Commenting that Chikaming Township doesn’t need three libraries, Sullivan said officials “need something from the public saying ‘This is what we want.’”
Bunte said the option of putting some sort of a library millage referendum on the November ballot could be discussed in the near future.
Also on April 14, Reserve Police Officer David Waskevich was sworn in by Dudiak.
“The reserve unit for the Police Department is the backbone of the Police Department,” said Police Chief Todd Taylor. “These men and women volunteer their time.”
Taylor said Waskevich has a military background (he was a major in the Army National Guard and served in Iraq), with one member of the Chikaming force saying Waskevich has been a role model since he was young.
And the Township Board agreed to petition the county to put a ballot proposal before voters on Aug. 2 to restore the operating millage rate from the current .367 mills (reduced over the years due to Headlee Rollback rules) to 1 mill.
Bunte said revenues would increase by an estimated $452,435.73 in the first year. He noted that 2020 Census numbers show Chikaming Township losing about 300 full-time residents (from over 3,000 to just above 2,700) meaning revenue-sharing funds will decline going forward. He noted that property valuations in the township have risen.
“As costs continue to increase and our revenues stay flat, it’s extremely challenging for us to continue to function and operate,” he said.
Later in the meeting Bunte went over a series of upcoming Drain Commission projects that he said will have a major impact as bond issues are paid off for a number of years. He said infrastructure and streetscape projects in Harbert and Sawyer also will require matching funds from the township for grants.
Bunte said multiple drain projects from Union Pier to Sawyer were the subject of a recent meeting with representatives of the Drain Commission Office where the potential for seven projects to begin at the end of this year and continue on into possibly 2024 was discussed.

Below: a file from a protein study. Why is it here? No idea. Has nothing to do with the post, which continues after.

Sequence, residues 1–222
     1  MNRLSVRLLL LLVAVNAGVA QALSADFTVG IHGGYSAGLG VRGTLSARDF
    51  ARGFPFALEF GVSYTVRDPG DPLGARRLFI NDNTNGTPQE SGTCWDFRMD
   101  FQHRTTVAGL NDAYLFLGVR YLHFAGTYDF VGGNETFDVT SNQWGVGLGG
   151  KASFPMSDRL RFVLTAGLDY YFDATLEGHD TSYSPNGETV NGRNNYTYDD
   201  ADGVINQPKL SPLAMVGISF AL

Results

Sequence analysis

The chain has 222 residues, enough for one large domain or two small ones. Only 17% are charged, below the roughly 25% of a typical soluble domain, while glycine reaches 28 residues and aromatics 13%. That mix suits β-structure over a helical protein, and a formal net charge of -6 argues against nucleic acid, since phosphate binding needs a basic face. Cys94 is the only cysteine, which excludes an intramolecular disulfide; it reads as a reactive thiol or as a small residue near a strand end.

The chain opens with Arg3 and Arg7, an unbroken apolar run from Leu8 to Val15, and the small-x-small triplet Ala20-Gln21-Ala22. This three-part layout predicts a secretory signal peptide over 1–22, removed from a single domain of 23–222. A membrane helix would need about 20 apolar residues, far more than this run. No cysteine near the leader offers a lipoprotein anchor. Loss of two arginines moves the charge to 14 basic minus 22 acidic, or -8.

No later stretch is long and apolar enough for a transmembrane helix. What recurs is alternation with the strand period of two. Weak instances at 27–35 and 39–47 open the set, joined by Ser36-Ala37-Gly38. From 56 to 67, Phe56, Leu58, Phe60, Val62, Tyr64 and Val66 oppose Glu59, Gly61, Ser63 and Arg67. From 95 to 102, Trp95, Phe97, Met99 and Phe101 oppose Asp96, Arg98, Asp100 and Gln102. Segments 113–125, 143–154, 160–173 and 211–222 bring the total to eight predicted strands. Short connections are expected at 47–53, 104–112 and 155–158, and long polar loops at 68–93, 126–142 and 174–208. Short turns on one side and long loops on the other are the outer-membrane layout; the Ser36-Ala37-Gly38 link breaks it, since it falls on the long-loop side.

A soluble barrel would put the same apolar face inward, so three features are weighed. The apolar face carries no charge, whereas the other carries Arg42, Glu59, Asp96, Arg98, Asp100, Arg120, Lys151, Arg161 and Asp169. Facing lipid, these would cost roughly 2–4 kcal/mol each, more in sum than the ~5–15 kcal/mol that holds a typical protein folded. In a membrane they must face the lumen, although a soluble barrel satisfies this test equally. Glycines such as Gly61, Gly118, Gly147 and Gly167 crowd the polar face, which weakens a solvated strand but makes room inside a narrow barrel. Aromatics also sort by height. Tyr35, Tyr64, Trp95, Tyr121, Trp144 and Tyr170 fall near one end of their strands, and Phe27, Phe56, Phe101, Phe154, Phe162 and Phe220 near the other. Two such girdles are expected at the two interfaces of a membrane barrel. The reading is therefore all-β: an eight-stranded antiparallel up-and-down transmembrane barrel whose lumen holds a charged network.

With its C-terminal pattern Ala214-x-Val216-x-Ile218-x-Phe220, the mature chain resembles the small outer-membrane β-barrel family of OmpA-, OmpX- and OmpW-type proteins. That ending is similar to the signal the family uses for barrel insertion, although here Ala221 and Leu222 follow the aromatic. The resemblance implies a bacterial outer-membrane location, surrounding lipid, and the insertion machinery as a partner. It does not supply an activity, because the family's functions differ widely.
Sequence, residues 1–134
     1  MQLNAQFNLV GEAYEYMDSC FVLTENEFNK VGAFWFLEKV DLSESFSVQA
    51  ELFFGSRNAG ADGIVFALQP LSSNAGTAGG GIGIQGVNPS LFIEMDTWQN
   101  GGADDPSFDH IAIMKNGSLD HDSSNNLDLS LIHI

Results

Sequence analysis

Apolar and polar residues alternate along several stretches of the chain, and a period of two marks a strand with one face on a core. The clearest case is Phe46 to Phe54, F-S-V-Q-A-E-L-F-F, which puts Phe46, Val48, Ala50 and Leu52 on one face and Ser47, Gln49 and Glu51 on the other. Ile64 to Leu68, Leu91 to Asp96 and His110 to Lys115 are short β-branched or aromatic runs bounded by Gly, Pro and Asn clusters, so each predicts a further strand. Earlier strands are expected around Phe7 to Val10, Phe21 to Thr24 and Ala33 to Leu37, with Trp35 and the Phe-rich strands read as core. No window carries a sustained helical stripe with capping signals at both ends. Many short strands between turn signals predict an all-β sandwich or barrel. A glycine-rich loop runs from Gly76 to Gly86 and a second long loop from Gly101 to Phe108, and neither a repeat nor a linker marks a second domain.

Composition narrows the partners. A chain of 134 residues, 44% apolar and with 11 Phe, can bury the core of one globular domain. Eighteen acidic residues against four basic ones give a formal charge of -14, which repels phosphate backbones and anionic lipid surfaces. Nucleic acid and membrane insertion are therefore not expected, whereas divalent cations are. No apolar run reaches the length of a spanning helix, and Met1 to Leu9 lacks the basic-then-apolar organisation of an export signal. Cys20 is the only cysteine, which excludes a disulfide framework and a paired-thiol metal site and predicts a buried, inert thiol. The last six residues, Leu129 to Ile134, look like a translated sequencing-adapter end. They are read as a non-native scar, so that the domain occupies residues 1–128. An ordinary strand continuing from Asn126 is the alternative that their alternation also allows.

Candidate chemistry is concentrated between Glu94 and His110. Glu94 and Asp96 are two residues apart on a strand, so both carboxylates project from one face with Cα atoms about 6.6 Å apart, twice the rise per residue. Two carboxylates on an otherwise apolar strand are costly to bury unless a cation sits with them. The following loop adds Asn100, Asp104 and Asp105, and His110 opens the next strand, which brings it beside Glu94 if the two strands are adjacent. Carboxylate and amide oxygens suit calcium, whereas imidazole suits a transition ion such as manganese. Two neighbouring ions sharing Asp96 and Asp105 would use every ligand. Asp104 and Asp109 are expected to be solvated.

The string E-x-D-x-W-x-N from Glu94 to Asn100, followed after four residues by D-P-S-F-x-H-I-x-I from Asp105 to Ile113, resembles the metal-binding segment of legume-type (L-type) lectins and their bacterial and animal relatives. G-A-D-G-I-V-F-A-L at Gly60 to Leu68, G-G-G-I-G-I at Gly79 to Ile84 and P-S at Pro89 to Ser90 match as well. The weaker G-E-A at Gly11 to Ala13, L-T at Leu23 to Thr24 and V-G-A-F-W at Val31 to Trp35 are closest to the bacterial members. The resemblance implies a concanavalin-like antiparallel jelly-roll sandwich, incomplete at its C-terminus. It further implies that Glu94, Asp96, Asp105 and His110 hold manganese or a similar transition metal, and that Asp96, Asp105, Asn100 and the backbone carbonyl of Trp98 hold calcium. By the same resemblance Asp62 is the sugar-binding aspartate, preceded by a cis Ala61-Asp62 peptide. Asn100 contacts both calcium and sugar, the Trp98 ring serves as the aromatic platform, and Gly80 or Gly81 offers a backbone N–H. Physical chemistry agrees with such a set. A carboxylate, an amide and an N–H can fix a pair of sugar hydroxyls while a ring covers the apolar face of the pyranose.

Drain projects mentioned by Bunte (going from the Union Pier area to Sawyer) include the Union Pier Drain, Streed Drain, Tiffany Drain, Lakeside Drain, Harbert Drain, Sawyer Village Drain, Wolcott Avenue Drain (and possibly establishing a new Emery Drain).
Bunte said current estimates for the projects are approximately $20 million, with the township’s share in the neighborhood of 10 to 20 percent.
In other April 14 matters, the Chikaming Township Board:
Approved purchasing a 2022 Dodge Durango for the Police Department at $38,000. Taylor noted that the vehicle is available now.
Amended the township sewer ordinance to raise treatment rates to $35 per month per unit due to costs that are exceeding revenues. The board also amended the Water Ordinance to increase the minimum monthly charge by 4 percent for one year and 4 percent annually for the following three years.
OK’d a 2022 Road Projects agreement with the County Road Department. Bunte said projects in Union Pier (Berrien Street, Center Avenue, Goodwin Avenue and Nolan Avenue) are likely to be delayed until 2023 to coincide with drain work, and an Old M-11 project may be moved from 2023 to this year. Other roadways on the 2022 list include: East Road from Red Arrow Highway to Three Oaks Road; Flynn Road from Harbert Road to Warren Woods Road; Harbert Road from Red Arrow Highway to the lake; Holloway Drive from Red Arrow Highway to the west end; Indian Trail Road from Three Oaks Road to Flynn; Kaiser Road from Flynn Road to Carpenter Road; Townline Avenue from Williams Court to the west end; Wee-Chik Road from Minnich to the township line; and Youngren Road from Prairie Road to Three Oaks Road.
Agreed to petition the County Road Commission to conduct a Harbert Road speed study.
Approved a quit claim deed for the former Sayer fire station property (donated to the Township by the Kohn family) that includes a four-foot section added to provide parking on the western side of the land.
OK’d a recommendation from the Planning Commission to rezone a 300-foot portion of a parcel along Sawyer Road across from Arlington Drive where an office structure is planned from residential to commercial (330 feet along Sawyer Road already is zoned commercial).